The S Pen is a key feature of the Galaxy Note 10.1. It doesn’t require batteries, since energy is generated by the tablet’s display, and it’s pressure-sensitive, so the harder one pushes, the darker the line it makes. Samsung redefined televisions, smart appliances and smartphones, said Tim Baxter, president of Samsung America. “Today, we are going to redefine tablets, as well.”
Luhrmann joked that when he’s telling stories, he needs someone to yell, “Cut!” But first, he talked about using the Note 10.1 to create “storyboards” for his latest film, The Great Gatsby, which made them easier to share with his team in real time. On earlier films, the boards have been made using paper and scissors and glue.
Lee then introduced Zac Posen, who designed the dress she was wearing. Before Samsung played a short film showing Posen collaborating with his team in his design studio, Posen called himself a “cultural receiver dish.” He likes the Note 10.1’s ability to allow him to collage various inspirations and media, he said.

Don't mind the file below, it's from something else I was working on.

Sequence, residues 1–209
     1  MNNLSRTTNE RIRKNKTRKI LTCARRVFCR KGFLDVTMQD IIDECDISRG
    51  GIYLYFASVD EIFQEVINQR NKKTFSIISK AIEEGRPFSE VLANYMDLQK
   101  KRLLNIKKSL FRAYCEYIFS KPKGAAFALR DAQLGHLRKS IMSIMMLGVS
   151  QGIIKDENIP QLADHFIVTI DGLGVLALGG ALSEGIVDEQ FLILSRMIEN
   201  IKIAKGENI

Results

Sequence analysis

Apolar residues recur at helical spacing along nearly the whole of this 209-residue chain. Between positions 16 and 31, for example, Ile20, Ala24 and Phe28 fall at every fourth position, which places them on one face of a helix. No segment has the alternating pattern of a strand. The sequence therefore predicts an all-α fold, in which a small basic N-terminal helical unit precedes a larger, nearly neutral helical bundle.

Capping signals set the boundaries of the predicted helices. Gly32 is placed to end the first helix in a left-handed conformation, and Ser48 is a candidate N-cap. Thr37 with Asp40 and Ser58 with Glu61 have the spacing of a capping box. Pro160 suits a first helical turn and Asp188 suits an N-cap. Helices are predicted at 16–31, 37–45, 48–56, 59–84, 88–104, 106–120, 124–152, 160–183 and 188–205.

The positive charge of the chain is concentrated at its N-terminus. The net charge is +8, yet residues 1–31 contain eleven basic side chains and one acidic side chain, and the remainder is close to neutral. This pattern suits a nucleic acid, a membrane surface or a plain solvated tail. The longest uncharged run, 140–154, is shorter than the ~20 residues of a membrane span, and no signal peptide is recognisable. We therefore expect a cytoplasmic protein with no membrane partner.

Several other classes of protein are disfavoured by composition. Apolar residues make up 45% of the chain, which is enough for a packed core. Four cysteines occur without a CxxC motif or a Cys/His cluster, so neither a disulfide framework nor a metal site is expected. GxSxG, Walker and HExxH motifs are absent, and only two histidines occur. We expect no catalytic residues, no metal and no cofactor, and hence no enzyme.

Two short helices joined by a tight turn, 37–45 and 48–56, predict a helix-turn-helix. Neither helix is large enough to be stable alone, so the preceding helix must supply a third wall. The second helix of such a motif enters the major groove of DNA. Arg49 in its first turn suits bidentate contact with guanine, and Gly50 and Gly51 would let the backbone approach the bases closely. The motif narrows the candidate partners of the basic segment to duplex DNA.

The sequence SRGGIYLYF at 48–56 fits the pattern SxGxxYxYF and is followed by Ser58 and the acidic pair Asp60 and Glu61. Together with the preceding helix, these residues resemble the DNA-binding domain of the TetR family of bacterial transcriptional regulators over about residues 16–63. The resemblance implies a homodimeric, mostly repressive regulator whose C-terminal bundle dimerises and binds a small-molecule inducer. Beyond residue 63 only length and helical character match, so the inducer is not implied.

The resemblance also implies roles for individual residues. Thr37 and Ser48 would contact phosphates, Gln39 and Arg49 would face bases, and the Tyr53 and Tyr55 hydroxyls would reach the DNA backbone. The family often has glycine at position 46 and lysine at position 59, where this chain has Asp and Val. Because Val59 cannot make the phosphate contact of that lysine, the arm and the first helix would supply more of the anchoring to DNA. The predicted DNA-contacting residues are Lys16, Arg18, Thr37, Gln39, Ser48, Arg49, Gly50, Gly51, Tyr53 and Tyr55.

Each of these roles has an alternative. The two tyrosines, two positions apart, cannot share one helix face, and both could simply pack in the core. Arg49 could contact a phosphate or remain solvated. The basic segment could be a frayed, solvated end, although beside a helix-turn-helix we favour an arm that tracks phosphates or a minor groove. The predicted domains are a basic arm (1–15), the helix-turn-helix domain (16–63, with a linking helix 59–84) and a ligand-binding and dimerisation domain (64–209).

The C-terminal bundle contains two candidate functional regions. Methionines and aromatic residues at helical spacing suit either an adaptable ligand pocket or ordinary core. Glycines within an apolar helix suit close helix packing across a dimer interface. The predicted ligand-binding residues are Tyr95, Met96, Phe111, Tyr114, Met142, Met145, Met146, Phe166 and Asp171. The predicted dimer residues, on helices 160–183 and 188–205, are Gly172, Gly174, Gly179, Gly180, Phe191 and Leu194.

Adobe executive Jim Mohan also made it onto the stage to discuss the company’s collaboration with Samsung to create a Photoshop app specifically for the Note 10.1. Mohan noted that projects started on the 10.1 can be opened in regular Photoshop to “take the project further.” Current Analysis analyst Avi Greengart called Photoshop Touch and the S Pen the two things that make the Note 10.1 “stand out.”
8Smart App Challenge
Current Analysis’ Greengart says the Note 10.1 isn’t the device that will allow Samsung to take Apple’s majority market share of the tablet market. First, he said, Samsung will need to further refine its tablet software and help grow the number of Android tablet apps in Google Play—which Samsung is trying to do with its Smart App Challenge. The content involves more than $4 million in prize money and runs through Sept. 30.
9Get to Know the Note 10.1
Filmmaker Baz Luhrmann told a news outlet’s film crew, “It’s a historical moment for creative people.”